The Anaphalis genus, and Anaphalis margaritacea
The words or terms in red
(actually dark orange) in the text are defined in a
The Anaphalis genus
consists of about 35 species
that are found in the northern temperate area.
They are erect plants, with
alternate entire leaves.
Their inflorescence is in
are small, discoid,
Their phyllaries are
There is a single species of the genus that grows in Québec,
is a perennial herbaceous plant
native to North America,
that grows to 3 feet tall and typically occurs on dry,
sandy or gravelly sites.
An upright, clump-forming plant, it features attractive, narrow,
woolly, silver-gray foliage and tiny, white, globular flowers
with yellowish centers, arranged in flattish clusters
Anaphalis margaritacea belongs to the
Some say that Anaphalis is an anagram on Gnaphalium a related
genus that looks a bit similar but Anaphalis is not an anagram on
Others say that the name is from the Greek name of a similiar plant, but
there are no entry at
(anaphalis) in my classical Greek dictionary Dictionnaire Grec
Fançais by Anatole Bailly.
- ανα (ana) means at the top.
- φαλοσ (phalos) is a
synonym de λευκοσ
and means shining, white.
(margaritês) means pearl (in Latin, margarita
also means pearl; Margarita Island, just north of the cost
of Venezuela is also called the Pearl of the Caribbean and
furthermore pearl oysters have been harvested n the waters of this
So that an Anaphalis margaritacea would be a plant white at the
top, as pearls and this is my preferred explanation of the name.
The commonest vernacular name
of Anaphalis margaritacea is
Pearly Everlasting, a well deserved name. Other names are
Life-everlasting, Cottonweed, Western Pearly Everlasting
(In French the common names are Anaphale marguerite and
Immortelle de Virginie
Anaphalis margaritacea has also been known as:
- Anaphalis margaritacea (L.) Benth. var. angustior
- Anaphalis margaritacea (L.) Benth. var. intercedens Hara
- Anaphalis margaritacea (L.) Benth. var. occidentalis
- Anaphalis margaritacea (L.) Benth. var. revoluta Suksdorf
- Anaphalis margaritacea (L.) Benth. var. subalpina Gray
- Anaphalis occidentalis (Greene) Heller
- Gnaphalium margaritaceum L.
Anaphalis margaritacea is an upright plant, up to 3 feet high,
forming clumps up to 2 feet wide, with an attractive, narrow, woolly,
silver-gray foliage and tiny, white, globular flowers with yellow center
arranged in flattish clusters. The plant is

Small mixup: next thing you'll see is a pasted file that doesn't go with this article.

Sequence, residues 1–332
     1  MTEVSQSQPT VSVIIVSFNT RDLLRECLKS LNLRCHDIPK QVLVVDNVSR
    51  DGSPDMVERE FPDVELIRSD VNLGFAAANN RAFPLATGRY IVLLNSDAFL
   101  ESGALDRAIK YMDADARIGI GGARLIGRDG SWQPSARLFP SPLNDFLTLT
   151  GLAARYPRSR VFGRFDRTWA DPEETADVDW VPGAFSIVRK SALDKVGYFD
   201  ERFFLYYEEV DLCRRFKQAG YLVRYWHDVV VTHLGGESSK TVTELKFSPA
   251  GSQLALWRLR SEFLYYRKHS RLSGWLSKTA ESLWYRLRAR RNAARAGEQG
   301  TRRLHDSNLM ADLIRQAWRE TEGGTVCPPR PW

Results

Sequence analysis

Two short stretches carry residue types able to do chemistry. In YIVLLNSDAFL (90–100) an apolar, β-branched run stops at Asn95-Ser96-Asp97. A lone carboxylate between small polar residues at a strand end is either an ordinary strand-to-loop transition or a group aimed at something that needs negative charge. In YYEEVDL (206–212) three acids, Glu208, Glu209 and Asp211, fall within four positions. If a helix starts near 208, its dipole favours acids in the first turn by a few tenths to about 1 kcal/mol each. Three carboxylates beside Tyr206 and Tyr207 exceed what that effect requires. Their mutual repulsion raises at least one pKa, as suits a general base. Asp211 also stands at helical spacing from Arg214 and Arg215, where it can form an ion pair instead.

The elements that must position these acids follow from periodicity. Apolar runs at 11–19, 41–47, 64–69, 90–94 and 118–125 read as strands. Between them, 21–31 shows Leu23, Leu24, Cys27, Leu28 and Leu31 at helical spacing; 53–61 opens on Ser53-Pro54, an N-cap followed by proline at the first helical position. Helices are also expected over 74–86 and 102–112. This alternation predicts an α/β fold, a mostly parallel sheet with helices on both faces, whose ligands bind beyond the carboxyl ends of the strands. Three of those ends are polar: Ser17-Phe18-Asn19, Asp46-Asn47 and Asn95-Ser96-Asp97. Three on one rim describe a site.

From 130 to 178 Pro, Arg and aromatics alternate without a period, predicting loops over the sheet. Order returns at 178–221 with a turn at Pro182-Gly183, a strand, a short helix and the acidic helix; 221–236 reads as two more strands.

- Alternate, untoothed.
- Long and narrow.
- Linear to
- Greyish-green in appearance, with a wooly feel.
- About 3 to 10 cm long by 6 to 12 mm wide.
- White-tomentose below,
less hairy above,
- In a corymb inflorescence,
2 inches across or wider.
- About 0.8 to 1 cm across.
- With yellowish dioecious
- Without ray florets.
- With pearly white papery phyllaries
that are the more conspicuous part of the inflorescence.
- Blooming from July to August.
The plant prefers sunny to partly shady places and moderately dry to
well drained soils.
It can be found in woods, roadsides and disturbed places.
Throughout North America excepting the states that border the Gulf of Mexico.
Anaphalis margaritacea is also found in
China, Japan and temperate India.
The fluffy flower heads are
valued for dried flower arrangements.
was often employed medicinally by native North American
Indian tribes who used it in the treatment of a range of ailments but
it is little used in modern herbalism.
The whole plant is
Used internally, it is said to be a
good remedy for diarrhoea, dysentery and pulmonary affections, and that a
poultice of the flowers or the whole plant can be applied to burns, sores,
ulcers, bruises, swellings and rheumatic joints.
Yellow to gold, also green and brown dyes can be obtained from the flowers,
stems and leaves combined. The leaves, flowers and stems have been used as
an incense, especially in baby cradles.
In Montana the Northern Cheyenne would carry dried and powdered flowers with
them in medicine bundles, and would chew the flowers and rub them on their arms
before going into battle in order to protect themselves by giving them strength
and energy. It was even put on their horses hooves and blown between its eyes
in order to impart endurance.
The photos of the gallery were taken either with one of the following:
The title in the window shows the date when the picture was taken,
i.e. jan_30_06... would mean that the photo was taken on the 30th of
January, the 06 is for the 6th picture taken that day.
- Fuji Mx 700.
- Minolta DiMAGE 7.
- Nikon 2200.
- Canon Xt Rebel, usually with the EF-S60mm f/2.8 Macro USM objective.
- EPSON Perfection 1650 scanner.
The month, day and picture number might be followed by a letter:
and if there is no letter it's obviously the Minolta.
- c for the Canon Xt Rebel.
- f for the Fuji.
- m for the Minolta DiMAGE 7.
- n for the Nikon.
- s for the EPSON scanner.
Click on the thumbnails to get larger view.
The original photos are usually in TIFF format,
the photos shown are generally in JPEG format,
usually of dimension one half (surface one quarter)
for loading time reduction.
Plants and stem
The leaves were scanned at 300 dpi,
this allows to measure the dimensions of the leaves.